I'm working with the PCx code and can't figure out how the Mehrotra format for matrix work. The code describing the data structure are

typedef struct {
    int NumRows, NumCols, Nonzeros;
    int *pBeginRow;
    int *pEndRow;
    int *Row;
    double *Value;
} sparseMatrix;

asked 12 Feb '13, 07:00

raniere's gravatar image

accept rate: 0%

I have not seen the code, so this is an educated guess.

That data structure looks like a compressed row format with an extra array (pEndRow) for convenience and to minimize re-allocations due to fill-in.

See here for a simple explanation of the basic compressed row/column format.

It may be that the end pointer points to the last nonzero in that row at any given point, but that some space is left between that number and the next row start. This approach leaves some empty space in the data structure to account for fill-in (i.e., when factorization add non-zeros to the matrix).


answered 12 Feb '13, 09:40

Leo's gravatar image

accept rate: 8%

The two most common schemes for storing sparse matrices are "Compressed Row Storage (CRS)" and "Compressed Column Storage (CCS)." This struct looks like it would be right for compressed row storage, except for the "int *Row", which would normally be "int *Col"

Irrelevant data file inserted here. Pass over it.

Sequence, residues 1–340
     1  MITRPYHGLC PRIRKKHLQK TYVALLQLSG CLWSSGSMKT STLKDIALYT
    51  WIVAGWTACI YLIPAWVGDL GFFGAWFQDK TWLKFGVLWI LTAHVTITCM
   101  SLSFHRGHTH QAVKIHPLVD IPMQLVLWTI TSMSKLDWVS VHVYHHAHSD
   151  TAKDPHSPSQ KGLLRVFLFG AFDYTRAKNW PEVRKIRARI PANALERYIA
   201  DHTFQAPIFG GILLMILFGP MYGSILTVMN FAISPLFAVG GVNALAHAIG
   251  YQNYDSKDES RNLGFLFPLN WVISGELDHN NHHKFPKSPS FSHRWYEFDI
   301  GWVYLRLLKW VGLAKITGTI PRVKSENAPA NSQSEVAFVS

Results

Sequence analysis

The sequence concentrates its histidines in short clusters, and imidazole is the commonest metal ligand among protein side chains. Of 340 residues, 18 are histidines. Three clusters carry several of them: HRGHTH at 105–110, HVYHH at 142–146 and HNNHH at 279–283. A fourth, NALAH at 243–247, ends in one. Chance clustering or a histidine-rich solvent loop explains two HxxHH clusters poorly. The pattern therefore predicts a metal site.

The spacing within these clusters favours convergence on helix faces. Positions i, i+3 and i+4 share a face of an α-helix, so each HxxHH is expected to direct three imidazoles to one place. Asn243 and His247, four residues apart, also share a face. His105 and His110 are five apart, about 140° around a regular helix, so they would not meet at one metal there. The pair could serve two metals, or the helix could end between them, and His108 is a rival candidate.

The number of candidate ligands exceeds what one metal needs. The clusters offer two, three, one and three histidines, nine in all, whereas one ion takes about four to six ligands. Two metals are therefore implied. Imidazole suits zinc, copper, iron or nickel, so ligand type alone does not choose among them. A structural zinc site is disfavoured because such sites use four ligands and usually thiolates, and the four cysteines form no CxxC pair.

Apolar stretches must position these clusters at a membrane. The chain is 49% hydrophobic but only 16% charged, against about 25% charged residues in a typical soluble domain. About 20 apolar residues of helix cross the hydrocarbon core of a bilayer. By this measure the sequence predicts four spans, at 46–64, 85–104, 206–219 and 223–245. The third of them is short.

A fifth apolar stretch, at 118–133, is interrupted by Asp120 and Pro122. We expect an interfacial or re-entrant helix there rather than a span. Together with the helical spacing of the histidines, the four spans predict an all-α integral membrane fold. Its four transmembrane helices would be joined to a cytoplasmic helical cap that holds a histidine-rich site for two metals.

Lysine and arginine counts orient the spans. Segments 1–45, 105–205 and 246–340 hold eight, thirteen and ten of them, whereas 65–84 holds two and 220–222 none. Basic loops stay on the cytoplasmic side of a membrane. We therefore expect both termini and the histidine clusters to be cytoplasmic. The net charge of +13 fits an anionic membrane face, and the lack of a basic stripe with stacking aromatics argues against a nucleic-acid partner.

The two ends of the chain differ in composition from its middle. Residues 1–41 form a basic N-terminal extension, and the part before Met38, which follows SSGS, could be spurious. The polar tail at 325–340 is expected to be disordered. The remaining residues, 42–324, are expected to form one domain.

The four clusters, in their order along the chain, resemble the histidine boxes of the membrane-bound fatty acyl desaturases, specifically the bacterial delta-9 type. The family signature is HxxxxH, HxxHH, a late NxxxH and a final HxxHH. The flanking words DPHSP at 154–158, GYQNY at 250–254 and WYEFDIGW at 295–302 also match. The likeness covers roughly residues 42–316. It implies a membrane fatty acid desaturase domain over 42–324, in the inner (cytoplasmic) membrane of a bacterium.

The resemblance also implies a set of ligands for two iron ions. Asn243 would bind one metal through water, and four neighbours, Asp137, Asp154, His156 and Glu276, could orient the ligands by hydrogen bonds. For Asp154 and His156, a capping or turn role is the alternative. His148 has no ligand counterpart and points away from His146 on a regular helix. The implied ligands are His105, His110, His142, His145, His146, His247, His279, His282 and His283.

Whatever scheme you use there has to be some to way to implicitly or explicitly identify the row and column of each entry, and there's no place here to do that. One possibility is that the author was just sloppy in writing "int *Row" instead of "int *Col" It's also possible that this structure is only being used for symmetric matrices, and the author is using the fact that A(i,j)=A(j,i).

My advice would be to read up on CRS/CCS to understand how this scheme is commonly used and then examine the code that refers to this structure and verify what's going on. Or, you could contact the author of the code.


answered 12 Feb '13, 09:31

Brian%20Borchers's gravatar image

Brian Borchers
accept rate: 21%

edited 12 Feb '13, 09:32

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Asked: 12 Feb '13, 07:00

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Last updated: 12 Feb '13, 09:40

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